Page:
In August 1776, George Washington and the Americans had to beat a hasty retreat leaving the British in control of New York City. This was thought by many as the death blow to the Revolution. Washington tried to regroup and desperately needed intelligence from the occupied city of New York. Out of this need, the Culper spy ring was born.
It was organized by Major Benjamin Tallmadge and two main members of the ring were Abraham Woodhull, under the pseudonym of Samuel Culper Sr., and Robert Townsend, who used the pseudonym of Samuel Culper Jr. The covert activities began in 1778 and they were charged with reporting on the troop movements through New York. They were so good at secrecy, that even today we are unsure of some of their agents. Agent 355 is one of these.
We only know her as “355”, which was the code designation for “a lady”. However, this lady was responsible for passing along important intelligence to the revolutionaries. Information gathered by her lead to the arrest of Major John André, who was the head of England’s intelligence operations in New York. André was a dashing and handsome officer, and as such attracted the attention of several members of the opposite sex. 355 took advantage and found herself at the same parties as André and made sure to take heed of what he was saying, especially after a few drinks. It was at one of these parties that she got wind of the British plan to gain West Point by subversion.
West Point was an important strategic fortification on the Hudson River. Whoever held West Point, held the Hudson River Valley. André was actively searching for a way to help his British bosses, and he struck gold in the person of Peggy Shippen. Peggy was a debutante whom he had courted in Philadelphia a few years earlier. Peggy was, to put it frankly, a gold digger. She loved the high life and felt that her husband should keep her in the manner to which she had become accustomed. Who was her husband? Just a guy called Benedict Arnold (Read about him in this post: http://www.historynaked.com/benedict-arnold/ ) Arnold was getting disillusioned with the lack of cash and fame he was getting from the revolution. It probably just took a tiny nudge from his loyalist wife to put him in touch with the dashing André to see if he could do any better if he turned his coat. André offered him 20,000 pounds to hand over West Point without a shot. That’s 3.5 million dollars in today’s money. That would keep dear old Peggy in lots of diamonds. Arnold took the deal. Unfortunately for them, 355 was on the job and got wind of the plot. André was caught with passes signed by Arnold and the plans for West Point at Tarrytown, New York. He was hung for a spy on Washington’s orders. Arnold got away, but West Point was kept out of British hands. In 1780, a female spy was captured and died on the prison ship Jersey. This was thought to be the end of 355.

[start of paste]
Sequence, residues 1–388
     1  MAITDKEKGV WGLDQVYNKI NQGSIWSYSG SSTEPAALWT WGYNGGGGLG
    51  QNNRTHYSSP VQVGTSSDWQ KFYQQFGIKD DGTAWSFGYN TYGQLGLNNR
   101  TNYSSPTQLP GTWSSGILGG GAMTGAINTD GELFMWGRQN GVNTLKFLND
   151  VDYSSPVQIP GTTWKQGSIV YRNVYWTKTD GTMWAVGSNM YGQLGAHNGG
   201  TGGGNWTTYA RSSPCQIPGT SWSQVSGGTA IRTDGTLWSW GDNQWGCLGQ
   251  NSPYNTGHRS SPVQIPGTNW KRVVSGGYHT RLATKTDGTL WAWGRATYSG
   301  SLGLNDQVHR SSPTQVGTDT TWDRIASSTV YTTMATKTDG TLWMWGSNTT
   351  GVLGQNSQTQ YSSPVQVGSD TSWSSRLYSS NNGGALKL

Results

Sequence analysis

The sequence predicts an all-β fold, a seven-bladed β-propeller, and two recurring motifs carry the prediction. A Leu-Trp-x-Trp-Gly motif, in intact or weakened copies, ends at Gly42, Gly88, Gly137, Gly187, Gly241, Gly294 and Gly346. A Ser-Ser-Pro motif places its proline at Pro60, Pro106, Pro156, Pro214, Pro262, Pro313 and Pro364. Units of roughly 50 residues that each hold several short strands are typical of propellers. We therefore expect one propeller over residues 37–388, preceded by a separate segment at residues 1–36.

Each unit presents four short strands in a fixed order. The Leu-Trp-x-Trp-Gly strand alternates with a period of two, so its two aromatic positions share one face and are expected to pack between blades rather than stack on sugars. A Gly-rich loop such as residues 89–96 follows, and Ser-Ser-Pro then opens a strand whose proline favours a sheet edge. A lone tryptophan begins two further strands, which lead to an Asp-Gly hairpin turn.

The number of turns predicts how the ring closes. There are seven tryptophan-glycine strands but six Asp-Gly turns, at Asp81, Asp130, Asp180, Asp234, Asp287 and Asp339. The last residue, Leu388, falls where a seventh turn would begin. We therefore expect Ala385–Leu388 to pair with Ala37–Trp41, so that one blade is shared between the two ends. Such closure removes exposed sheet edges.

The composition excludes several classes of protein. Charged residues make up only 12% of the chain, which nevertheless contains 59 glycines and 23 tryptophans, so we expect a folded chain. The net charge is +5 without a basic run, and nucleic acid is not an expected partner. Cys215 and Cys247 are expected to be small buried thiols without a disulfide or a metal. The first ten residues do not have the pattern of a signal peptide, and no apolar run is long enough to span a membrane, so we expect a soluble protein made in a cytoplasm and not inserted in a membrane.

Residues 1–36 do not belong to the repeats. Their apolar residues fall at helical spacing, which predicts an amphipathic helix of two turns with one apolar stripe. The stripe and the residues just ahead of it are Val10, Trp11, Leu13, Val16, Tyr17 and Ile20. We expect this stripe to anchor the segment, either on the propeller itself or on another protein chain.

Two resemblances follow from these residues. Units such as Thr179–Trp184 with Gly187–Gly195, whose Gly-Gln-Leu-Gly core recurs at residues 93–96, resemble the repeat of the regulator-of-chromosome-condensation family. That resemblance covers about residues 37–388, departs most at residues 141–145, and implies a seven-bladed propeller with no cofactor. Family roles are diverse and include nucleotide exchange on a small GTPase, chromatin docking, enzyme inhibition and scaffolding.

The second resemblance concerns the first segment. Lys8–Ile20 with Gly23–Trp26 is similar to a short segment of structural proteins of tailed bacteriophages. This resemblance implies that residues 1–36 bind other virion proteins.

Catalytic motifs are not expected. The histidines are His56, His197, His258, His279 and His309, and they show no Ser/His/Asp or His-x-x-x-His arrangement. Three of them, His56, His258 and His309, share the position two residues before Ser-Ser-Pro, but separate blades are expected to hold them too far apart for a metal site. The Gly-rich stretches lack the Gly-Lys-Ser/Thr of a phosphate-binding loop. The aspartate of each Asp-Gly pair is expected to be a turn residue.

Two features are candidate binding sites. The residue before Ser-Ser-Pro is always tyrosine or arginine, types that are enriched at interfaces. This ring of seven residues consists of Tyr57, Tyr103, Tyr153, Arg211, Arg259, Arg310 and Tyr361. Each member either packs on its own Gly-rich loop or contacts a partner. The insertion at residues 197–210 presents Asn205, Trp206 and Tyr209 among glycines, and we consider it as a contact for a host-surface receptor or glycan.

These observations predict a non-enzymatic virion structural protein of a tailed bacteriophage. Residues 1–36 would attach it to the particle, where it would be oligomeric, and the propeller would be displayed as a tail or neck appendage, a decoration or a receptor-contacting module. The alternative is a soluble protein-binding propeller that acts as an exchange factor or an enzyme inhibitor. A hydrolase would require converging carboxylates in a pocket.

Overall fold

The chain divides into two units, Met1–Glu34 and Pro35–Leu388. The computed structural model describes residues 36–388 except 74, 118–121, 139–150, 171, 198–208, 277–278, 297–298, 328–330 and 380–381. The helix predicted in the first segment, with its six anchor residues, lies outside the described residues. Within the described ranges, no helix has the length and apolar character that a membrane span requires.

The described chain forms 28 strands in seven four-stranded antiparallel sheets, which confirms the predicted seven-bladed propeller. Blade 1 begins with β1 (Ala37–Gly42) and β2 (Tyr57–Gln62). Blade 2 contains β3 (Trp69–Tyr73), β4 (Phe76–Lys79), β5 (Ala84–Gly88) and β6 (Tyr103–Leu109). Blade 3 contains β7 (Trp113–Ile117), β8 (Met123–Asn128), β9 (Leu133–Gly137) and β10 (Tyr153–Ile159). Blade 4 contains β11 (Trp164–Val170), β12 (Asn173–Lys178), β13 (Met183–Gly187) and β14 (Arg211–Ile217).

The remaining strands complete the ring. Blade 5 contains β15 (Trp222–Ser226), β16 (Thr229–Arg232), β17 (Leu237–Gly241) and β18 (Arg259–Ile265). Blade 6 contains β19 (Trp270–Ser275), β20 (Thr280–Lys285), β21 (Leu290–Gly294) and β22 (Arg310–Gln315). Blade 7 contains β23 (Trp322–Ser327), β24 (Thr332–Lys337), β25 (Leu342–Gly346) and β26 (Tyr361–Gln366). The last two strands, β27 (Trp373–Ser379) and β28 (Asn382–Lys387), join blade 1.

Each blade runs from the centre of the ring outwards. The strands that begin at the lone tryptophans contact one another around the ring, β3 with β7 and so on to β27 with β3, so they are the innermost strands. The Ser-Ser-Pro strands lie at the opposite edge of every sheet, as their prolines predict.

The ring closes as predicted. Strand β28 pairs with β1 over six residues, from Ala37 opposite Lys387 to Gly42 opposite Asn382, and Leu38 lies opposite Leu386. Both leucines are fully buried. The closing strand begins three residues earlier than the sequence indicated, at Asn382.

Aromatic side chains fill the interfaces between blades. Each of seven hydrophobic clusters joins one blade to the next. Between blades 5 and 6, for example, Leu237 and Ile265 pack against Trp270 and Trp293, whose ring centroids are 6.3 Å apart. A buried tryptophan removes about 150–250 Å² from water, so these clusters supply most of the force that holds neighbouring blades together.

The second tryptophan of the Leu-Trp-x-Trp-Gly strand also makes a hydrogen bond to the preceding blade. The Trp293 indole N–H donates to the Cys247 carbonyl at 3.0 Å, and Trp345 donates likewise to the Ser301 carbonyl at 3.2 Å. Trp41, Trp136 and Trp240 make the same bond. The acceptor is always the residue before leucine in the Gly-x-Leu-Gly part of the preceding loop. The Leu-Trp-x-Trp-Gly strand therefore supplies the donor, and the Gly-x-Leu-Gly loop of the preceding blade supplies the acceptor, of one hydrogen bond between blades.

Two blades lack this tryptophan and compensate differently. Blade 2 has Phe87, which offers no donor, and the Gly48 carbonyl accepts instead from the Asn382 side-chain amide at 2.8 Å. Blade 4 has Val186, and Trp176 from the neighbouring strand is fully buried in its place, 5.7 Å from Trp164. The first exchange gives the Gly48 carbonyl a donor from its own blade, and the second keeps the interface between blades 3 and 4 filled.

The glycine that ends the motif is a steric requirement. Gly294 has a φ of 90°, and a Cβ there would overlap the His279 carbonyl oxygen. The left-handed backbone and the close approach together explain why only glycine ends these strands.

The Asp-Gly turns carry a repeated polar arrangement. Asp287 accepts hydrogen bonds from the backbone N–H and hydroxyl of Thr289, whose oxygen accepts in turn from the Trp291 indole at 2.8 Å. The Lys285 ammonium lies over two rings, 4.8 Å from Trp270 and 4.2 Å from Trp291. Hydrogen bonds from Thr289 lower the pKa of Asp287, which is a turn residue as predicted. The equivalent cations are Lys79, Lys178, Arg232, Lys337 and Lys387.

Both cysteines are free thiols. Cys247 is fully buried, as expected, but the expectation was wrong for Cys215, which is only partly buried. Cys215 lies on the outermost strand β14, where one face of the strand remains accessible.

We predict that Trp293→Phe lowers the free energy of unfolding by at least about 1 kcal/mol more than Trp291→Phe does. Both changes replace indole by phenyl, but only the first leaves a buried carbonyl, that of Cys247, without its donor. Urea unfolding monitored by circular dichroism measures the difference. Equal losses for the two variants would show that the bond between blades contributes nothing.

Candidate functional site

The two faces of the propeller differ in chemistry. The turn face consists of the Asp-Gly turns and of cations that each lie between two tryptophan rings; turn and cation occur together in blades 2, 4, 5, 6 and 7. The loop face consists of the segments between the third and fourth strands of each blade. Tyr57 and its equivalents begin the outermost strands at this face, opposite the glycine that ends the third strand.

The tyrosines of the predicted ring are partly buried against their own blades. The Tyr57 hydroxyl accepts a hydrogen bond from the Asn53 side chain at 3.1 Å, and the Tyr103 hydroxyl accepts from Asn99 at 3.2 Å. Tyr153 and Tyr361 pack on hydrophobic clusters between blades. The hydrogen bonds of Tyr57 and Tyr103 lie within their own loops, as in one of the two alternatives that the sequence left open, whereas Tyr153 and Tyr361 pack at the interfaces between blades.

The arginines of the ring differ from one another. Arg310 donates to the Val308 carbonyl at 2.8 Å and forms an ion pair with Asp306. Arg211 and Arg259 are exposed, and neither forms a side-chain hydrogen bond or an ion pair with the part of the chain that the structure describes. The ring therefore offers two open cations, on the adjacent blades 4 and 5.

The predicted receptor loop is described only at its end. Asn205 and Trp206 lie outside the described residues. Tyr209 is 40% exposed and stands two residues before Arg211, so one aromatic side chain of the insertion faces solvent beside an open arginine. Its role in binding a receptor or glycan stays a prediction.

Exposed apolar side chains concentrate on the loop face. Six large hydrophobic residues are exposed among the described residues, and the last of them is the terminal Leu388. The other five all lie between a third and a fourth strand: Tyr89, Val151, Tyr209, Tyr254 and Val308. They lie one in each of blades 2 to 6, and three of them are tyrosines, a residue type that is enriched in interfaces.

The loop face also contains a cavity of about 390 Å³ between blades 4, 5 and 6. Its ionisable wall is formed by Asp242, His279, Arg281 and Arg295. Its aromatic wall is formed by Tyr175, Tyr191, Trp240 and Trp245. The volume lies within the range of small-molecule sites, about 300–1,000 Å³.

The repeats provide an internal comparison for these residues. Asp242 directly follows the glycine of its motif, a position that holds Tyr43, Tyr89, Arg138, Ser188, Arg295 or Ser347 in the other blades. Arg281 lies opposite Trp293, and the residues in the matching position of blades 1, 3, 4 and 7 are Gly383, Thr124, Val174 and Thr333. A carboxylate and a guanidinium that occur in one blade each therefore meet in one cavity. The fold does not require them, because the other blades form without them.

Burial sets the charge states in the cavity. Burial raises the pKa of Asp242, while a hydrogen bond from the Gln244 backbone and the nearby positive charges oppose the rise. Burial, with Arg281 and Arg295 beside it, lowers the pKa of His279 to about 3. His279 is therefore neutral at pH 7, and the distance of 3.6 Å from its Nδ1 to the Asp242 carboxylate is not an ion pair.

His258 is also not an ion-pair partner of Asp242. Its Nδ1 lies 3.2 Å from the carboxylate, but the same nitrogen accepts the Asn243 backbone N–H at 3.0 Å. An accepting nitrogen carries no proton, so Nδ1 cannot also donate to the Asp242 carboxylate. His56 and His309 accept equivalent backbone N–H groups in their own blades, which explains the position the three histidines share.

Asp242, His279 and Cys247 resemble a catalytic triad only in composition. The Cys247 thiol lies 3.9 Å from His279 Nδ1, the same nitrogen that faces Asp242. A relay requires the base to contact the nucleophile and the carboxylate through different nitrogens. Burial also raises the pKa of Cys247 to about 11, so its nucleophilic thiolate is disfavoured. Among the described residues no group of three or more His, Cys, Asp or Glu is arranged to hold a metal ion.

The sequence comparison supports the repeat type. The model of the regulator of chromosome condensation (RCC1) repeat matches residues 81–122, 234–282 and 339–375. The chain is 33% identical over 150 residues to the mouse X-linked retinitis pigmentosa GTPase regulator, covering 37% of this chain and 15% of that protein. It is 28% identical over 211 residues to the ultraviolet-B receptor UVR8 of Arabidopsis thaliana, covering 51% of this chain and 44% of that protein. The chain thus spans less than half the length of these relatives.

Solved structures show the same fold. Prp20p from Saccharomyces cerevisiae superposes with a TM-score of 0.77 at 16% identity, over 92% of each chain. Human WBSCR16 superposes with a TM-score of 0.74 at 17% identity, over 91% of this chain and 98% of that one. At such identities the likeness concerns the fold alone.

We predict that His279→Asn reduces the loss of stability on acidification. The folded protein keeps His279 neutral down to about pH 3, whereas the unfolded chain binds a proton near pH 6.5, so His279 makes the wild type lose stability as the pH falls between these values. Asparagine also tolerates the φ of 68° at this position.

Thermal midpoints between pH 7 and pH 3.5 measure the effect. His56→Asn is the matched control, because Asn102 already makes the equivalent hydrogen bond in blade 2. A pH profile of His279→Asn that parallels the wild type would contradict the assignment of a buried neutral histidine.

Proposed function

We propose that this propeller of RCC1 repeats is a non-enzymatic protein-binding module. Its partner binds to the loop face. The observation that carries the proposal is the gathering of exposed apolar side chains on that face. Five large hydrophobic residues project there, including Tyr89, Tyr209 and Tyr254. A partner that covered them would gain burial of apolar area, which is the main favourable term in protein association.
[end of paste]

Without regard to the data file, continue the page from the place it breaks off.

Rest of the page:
But who was she? Multiple theories abound. It is thought she was the member of a prominent loyalist family as she had access to so many upper class British officers. Also the designation of “lady” in code was thought to be significant. A lady meant upper class. Candidates include Anna Strong, a known member of the Culper Spy ring and Abraham Woodhull’s neighbor. She transmitted messages via laundry hanging on her clothes line. Other candidates include Sarah Horton Townsend , Robert Townsend’s cousin, or Elizabeth Brugin, who helped American prisoners on British prison ships. The popular television series Turn: Washington’s Spies, theorizes 355 was a former slave of Anna Strong.
One of the most popular theories is that 355 was Robert Townsend’s common law wife. There are stories that Townsend was in love with 355 and when she became pregnant with his child, he insisted she give her dangerous espionage job. However, Arnold found out her identity and turned her over to the British who imprisoned her on the Jersey. There she supposedly gave birth to her son, whom she named Robert Townsend Jr. Then she died. However, most academics do not believe this story. There is one tantalizing piece of information though. Robert Townsend Jr. did exist, and was supposed to be the son of James Townsend, Robert Townsend Sr.’s brother. He became a lawyer and a politician, and was very active in creating a monument to those who lost their lives in the British prison ships. This monument, nearly 150 feet tall commemorates the men and women who lost their lives aboard these ships.
We may never know. Abraham Woodhull wrote she could “outwit them all”, and she still is outwitting us to this day. Hail and Farewell, 355.